SALT LAKE CITY – US Supreme Court Justice Clarence Thomas said he was concerned that efforts to politicize the court or add additional justices could undermine the institution’s credibility as he spoke at an event in Utah on Friday hosted by organized by the foundation of former US Republican Senator Orrin Hatch.
Thomas, the senior judge on the nine-member court, said he often worries about the long-term impact of trends such as “abandonment culture” and a lack of civil debate.
“You can talk lightheartedly about packing or stacking the place. You can freely talk about doing this or doing that. Eventually, the institution will be compromised,” he told an audience of about 500 at an upscale Salt Lake City hotel.
“You continue to belittle the respect for institutions that the next generation will need if they are to have a civil society,” Thomas said.
Decisions for the coming year will enact legislation on hot political issues, including abortion, guns and voting rights.
The court has leaned increasingly conservative since adding three judges nominated by former President Donald Trump to its ranks. Progressives, in turn, have called for increasing the number of judges on the court, including during the 2020 presidential primary. Congressional Democrats introduced legislation last year to add four judges to the bench, and President Joe Biden has called a commission to review the to investigate expansion of the court.
“I’m afraid, especially in this world of attacks on cancellation culture, I don’t know where you’re going to learn to get involved like we did growing up,” he said. “If you’re not learning at that level in high school, high school, in your neighborhood, or in civil society organizations, how are you doing when you’re making decisions in government, in the legislature, or in the courts?”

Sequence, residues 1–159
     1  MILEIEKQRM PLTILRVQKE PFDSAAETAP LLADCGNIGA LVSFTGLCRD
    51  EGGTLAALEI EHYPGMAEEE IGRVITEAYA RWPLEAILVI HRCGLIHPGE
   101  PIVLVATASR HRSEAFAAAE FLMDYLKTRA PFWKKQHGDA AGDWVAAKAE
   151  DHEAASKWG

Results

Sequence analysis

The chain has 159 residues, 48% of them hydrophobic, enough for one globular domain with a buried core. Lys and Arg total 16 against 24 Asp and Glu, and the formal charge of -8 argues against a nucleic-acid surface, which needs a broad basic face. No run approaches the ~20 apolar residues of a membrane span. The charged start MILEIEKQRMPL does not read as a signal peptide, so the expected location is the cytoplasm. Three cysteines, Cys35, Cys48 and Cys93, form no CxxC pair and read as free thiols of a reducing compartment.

In addition to condemning the “abandon culture,” Thomas criticized the media for cultivating inaccurate impressions about public figures – including himself, his wife and the late Supreme Court Justice Antonin Scalia.
Ginni Thomas, the wife of Justice Thomas and a long-time Conservative activist, was indicted this year for her political activities and involvement in groups filing briefs on Supreme Court cases, as well as for using her Facebook page to fuel partisan attacks subjected to examination.
As Congress prepares to hold confirmation hearings for Judge Ketanji Brown Jackson, Thomas recalled his 1991 confirmation trial as a humiliating and embarrassing experience that taught him not to be unduly proud. During congressional hearings, lawmakers questioned Thomas about sexual harassment allegations from Anita Hill, a former employee, leading him to describe the experience as a “high-tech lynching.”
If confirmed, Jackson would be the first black woman on trial and would join Thomas as the second black judge.
Thomas, who grew up in Georgia during segregation, said he considers politeness to be one of his highest values. He said he learned during his school days to respect institutions and engage in civil debate with those who disagreed with him. Based on conversations he’s had with students at his university lectures over the past few years, he said he doesn’t think colleges are welcome places for productive debate, particularly for students who support what he called traditional families, or against abortion.
Thomas made no reference to the future of Roe v. Wade, the landmark 1973 Supreme Court decision that expanded abortion rights nationwide. The court is scheduled to decide Dobbs v. Jackson Women’s Health Organization this year and whether Mississippi can ban abortions after 15 weeks. As the court deliberates on the case, lawmakers in Florida, West Virginia and Kentucky are pushing similar legislation in hopes the court will overturn Roe and set a new precedent.
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